Coloured sugar-coated chocolates are great for exploring changes in water density. As well as being fun and tasty, they can be used to understand many naturally occurring phenomena, including the ocean currents. This experiment can be performed by a wide range of age and ability groups, with the science behind it being explored at varying levels of depth.

## Method

1. Begin by filling one of your dishes close to the top with water, and placing it on your white surface.

2. Allow the water to settle for 30 seconds to a minute, and then add one chocolate to the middle of the dish.

You should begin to see the colour ‘bleed’ out of the chocolate into the water. Ask the class to observe this for a few minutes, and discuss what they are beginning to see happen to the colour.

3. After about five or six minutes, the colour should have migrated to the edge of the dish, leaving a clear ring around the chocolate itself.

4. Next, ask the class what is likely to happen if they place four chocolates of different colours (equally spaced) in a fresh dish. If you can, use highly contrasting and primary colours. Ensure to promote discussion and predictions of what the children think will happen, as this is a key aspect of understanding the scientific process.

5. Add the chocolates, and observe as they ‘bleed’. You should quickly be able to see that rather than the colours mixing together and creating new colours (as was possibly predicted); clear borders are created where they meet.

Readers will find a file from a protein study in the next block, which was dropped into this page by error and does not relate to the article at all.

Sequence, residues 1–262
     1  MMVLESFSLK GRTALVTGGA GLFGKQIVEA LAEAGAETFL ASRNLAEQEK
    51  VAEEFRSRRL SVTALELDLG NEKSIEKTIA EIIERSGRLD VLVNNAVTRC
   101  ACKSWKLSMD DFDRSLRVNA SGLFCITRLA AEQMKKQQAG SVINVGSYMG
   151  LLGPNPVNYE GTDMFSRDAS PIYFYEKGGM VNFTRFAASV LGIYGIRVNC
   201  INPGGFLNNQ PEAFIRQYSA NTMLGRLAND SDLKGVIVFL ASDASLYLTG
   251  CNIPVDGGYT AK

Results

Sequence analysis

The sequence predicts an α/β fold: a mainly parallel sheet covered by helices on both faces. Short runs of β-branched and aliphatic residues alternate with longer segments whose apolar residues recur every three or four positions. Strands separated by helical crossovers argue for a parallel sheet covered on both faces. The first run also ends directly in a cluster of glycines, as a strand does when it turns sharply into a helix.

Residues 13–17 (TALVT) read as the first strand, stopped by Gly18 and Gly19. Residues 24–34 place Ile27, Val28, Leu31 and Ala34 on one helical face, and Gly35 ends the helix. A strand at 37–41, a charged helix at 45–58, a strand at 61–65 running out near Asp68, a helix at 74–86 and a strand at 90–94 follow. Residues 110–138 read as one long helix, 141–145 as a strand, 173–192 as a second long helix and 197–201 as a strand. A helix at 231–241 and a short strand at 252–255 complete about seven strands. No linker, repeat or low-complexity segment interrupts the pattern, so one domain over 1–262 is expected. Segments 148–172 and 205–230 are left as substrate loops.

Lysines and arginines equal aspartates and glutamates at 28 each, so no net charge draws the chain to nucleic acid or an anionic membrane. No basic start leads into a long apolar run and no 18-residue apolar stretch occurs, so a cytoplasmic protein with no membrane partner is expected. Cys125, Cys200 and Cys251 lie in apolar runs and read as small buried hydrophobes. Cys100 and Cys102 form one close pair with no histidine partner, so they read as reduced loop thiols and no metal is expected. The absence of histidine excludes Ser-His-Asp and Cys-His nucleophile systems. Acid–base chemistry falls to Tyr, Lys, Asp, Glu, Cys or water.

## What is happening?

This experiment is all about water density, and how it is changed by the dissolving of soluble substances.

As the shell dissolves, the sugar increases the density of the water it is in (in the centre of the dish). A density current is then created by the difference between the more dense water in the centre, and the less dense water on the edges, which has a lower concentration of sugar. The sugary water begins to flow towards the edges. This process continues once the colour has disappeared and the colourless inner shell dissolves. As the concentration of sugar (and therefore density) remains highest in the centre, the current keeps pushing outwards, forcing the colour to the edges.

The same density currents cause the results of the second experiment. The coloured sugary water is again pushed away from the chocolates, towards the less dense clear water. At the borders where the colours meet, the density of each section is equal. As a result, the currents abruptly stop. Given time, the borders will increase in intensity as more and more sugar is dissolved and pushed towards the borders.

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